Food

Caol Ila on a Lazy Sunday

Just opened a new bottle of scotch and am sitting here enjoying the lovely aftertaste of smoked oak. A Caol Ila Moch to be precise that I bought earlier today at my local supermarket. What a treat!

Next time I am to introduce someone to peated whisky I’ll offer them a Moch. It has a sweet, well-rounded, slightly lemony and fairly lightly peated character. The aftertaste lingers on in your mouth for about 10-15 minutes. Of course, waiting that long before taking another sip is unlikely going to happen here at my household.

On the inter-webs it said that Caol Ila has historically mostly been used in the Johnny Walker blended whiskies which makes me somewhat skeptical about the brand, but it seems that Caol Ila is now growing in its own right as a single malt.

By the way, how do people manage to pronounce Scottish whisky properly? I always get whiskies like Lagavulin completely wrong and I am sure its no difference with Caol Ila which is supposed to be pronounced “cull Ee-la”. Ehm, Carol what?

“Please say that again” I’ll ask the barman and they’ll raise a brow at me as I try to get it right for the 15th time. I’ve got this test that when I am able to pronounce Lagavulin right I know it’s about time I go home.

Of course its not easier when it comes to wine. I’ll call Côtes du Rhône “court ruin” and I won’t even attempt at pronouncing the Mourvedre  grape let alone the Nebbiolo or the Gewürztraminer.

In other news, I went with my roommate Karen for a huge bowl  of mussels, fries and white wine Friday evening. Yesterday I went for a couple of Indian Pale Ales with another good friend of mine followed by a big juicy burger. Today my roommate and I am cooking up some pork with veggies and having a chill evening at home.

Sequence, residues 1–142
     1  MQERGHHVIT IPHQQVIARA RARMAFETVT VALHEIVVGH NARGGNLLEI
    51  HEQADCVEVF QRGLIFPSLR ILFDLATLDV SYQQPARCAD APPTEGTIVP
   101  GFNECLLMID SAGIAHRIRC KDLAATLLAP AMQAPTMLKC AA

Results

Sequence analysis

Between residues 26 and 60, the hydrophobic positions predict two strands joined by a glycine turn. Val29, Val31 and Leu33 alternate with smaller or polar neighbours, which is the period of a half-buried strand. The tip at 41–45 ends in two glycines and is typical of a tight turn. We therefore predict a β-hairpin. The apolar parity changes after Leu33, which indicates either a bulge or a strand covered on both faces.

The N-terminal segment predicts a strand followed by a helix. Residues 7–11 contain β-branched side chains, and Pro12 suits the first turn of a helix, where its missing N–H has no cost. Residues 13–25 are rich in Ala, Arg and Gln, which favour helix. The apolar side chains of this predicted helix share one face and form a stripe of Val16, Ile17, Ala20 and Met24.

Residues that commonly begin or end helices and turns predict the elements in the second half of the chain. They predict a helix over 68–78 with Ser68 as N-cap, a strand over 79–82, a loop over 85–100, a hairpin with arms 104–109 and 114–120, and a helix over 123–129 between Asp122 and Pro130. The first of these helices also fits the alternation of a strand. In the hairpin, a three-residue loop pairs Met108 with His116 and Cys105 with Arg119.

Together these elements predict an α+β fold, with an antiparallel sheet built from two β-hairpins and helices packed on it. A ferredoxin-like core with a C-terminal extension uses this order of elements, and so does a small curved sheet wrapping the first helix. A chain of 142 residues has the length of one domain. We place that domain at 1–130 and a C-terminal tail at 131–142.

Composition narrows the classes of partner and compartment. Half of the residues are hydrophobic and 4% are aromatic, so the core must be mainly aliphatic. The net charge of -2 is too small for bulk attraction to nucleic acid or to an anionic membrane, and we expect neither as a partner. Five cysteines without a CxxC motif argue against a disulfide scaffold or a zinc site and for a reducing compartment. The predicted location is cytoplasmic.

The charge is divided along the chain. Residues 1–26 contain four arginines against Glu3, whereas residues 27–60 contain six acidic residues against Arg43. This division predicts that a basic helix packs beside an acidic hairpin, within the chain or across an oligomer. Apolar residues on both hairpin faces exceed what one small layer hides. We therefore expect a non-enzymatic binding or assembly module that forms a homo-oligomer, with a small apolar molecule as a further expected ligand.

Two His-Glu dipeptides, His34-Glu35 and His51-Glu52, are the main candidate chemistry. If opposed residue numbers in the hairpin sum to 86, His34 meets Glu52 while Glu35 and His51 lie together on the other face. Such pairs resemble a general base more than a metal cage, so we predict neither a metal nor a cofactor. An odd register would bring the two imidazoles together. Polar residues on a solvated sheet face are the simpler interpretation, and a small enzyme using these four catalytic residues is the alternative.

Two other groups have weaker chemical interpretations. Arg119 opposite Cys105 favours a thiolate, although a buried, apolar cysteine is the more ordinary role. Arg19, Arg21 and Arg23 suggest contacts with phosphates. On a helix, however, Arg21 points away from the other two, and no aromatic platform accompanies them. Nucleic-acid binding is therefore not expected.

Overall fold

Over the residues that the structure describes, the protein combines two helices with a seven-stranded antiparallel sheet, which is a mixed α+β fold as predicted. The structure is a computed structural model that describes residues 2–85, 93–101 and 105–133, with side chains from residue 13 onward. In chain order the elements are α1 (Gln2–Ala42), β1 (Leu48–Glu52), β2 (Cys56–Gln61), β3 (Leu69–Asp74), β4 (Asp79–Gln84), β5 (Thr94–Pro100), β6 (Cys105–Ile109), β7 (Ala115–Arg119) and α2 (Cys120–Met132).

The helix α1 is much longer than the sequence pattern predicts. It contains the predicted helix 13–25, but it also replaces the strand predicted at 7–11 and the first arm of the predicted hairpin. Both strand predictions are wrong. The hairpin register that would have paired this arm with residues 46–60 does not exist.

Anyway, there really isn’t a point of me telling you these trivial things other than to add an assurance to all of you that I am in fact still alive and well. Considering that my last two posts were a now two year old tribute to a man who had just died at the time (how depressing) and a incoherent babble about not being able to write anything worth reading anymore (even MORE depressing) you’d imagine as far that I might not be coming back here ever again.

(I wouldn’t have bet on me being back either).

Why a Tablespoon of Honey Before Bedtime will Improve your Sleep

Taking the advice of Seth Roberts, who wrote a much more extensive post on the subject, I began taking a tablespoon of honey every day before bedtime, about two weeks ago.

At first, I was quite skeptical about the idea. My understanding was – and still is – that too much sugar (especially refined sugar) will cause havoc to your blood sugar levels, and that eating just before bed will upset your stomach, and thus have negative effects on the quality of your sleep.

This short article does a good job explaining why honey before bed might just be a very good idea. Basically, the human liver stores about 8 hours of glycogen (a form of energy storage)  necessary for proper brain function. If the last time you eat before bedtime is at six, your brain will release the steroid hormone cortisol at 2 am (8 hours later). If you are out of glycogen storage in your body, the cortisol will melt muscle tissue and convert it into glycogen. This process causes your heart to beat faster and will raise your blood sugar levels abruptly. Not a good recipe for a good nights sleep!

Since eating before bed causes the digestive machinery in the body to go hard at work, it will be a bad idea to get our glycogen from processed foods or any substantial amount of food at all. Based on the same reasoning as Seth Roberts applies (keeping blood sugar levels at optimal levels) Tim Ferriss recommends eating something rich on proteins and fat before bed. His suggestion is peanut butter, which might also be worth trying out.

The reason why honey works wonders is because it is half glucose, half fructose. Glucose enters the blood rather quickly while fructose takes a bit longer, therefore ensuring that your blood sugar levels will stay steady over the night period of 6-7 hours where you won’t consume anything else that can provide your brain with the energy it needs.

This advice made a real difference in my life so I hope you will try it out as well. And if you do, please get back to me with your experiences with honey before bedtime!

Note: It doesn’t have to be a table spoon. A tea spoon can be fine as well, depending on the individual. They key is always to experiment, to find out what suits you the most.

Main source: Seth Roberts blog

Other sources: 2007 study, 2010 study, 2012 study

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